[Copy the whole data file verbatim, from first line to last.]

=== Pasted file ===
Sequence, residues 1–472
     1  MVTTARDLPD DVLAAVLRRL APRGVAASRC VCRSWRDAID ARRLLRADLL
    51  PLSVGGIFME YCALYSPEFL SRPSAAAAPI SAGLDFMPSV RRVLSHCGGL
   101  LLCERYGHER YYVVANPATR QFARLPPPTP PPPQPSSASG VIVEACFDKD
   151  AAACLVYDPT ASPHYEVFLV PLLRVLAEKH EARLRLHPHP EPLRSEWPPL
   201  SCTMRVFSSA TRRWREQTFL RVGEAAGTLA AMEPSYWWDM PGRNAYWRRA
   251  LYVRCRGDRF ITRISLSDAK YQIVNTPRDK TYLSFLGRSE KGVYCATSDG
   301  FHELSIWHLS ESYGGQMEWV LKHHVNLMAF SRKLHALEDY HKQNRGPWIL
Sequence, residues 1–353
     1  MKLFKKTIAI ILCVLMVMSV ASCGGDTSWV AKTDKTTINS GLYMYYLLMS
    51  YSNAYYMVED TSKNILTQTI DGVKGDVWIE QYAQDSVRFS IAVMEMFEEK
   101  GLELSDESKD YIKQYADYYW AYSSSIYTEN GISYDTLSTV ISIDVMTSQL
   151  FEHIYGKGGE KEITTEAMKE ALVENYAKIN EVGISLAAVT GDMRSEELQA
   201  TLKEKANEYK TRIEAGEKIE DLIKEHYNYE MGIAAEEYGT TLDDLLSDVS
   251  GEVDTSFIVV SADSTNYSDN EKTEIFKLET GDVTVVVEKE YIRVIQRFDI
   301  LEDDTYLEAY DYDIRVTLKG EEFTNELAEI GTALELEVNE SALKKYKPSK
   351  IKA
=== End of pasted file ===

Sequence, residues 1–472
     1  MVTTARDLPD DVLAAVLRRL APRGVAASRC VCRSWRDAID ARRLLRADLL
    51  PLSVGGIFME YCALYSPEFL SRPSAAAAPI SAGLDFMPSV RRVLSHCGGL
   101  LLCERYGHER YYVVANPATR QFARLPPPTP PPPQPSSASG VIVEACFDKD
   151  AAACLVYDPT ASPHYEVFLV PLLRVLAEKH EARLRLHPHP EPLRSEWPPL
   201  SCTMRVFSSA TRRWREQTFL RVGEAAGTLA AMEPSYWWDM PGRNAYWRRA
   251  LYVRCRGDRF ITRISLSDAK YQIVNTPRDK TYLSFLGRSE KGVYCATSDG
   301  FHELSIWHLS ESYGGQMEWV LKHHVNLMAF SRKLHALEDY HKQNRGPWIL
Sequence, residues 1–353
     1  MKLFKKTIAI ILCVLMVMSV ASCGGDTSWV AKTDKTTINS GLYMYYLLMS
    51  YSNAYYMVED TSKNILTQTI DGVKGDVWIE QYAQDSVRFS IAVMEMFEEK
   101  GLELSDESKD YIKQYADYYW AYSSSIYTEN GISYDTLSTV ISIDVMTSQL
   151  FEHIYGKGGE KEITTEAMKE ALVENYAKIN EVGISLAAVT GDMRSEELQA
   201  TLKEKANEYK TRIEAGEKIE DLIKEHYNYE MGIAAEEYGT TLDDLLSDVS
   251  GEVDTSFIVV SADSTNYSDN EKTEIFKLET GDVTVVVEKE YIRVIQRFDI
   301  LEDDTYLEAY DYDIRVTLKG EEFTNELAEI GTALELEVNE SALKKYKPSK
   351  IKA